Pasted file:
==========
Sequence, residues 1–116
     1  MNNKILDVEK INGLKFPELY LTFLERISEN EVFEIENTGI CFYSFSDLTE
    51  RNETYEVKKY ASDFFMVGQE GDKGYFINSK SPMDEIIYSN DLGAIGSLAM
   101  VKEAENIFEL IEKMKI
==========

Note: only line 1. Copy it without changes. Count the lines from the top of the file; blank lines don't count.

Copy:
Sequence, residues 1–116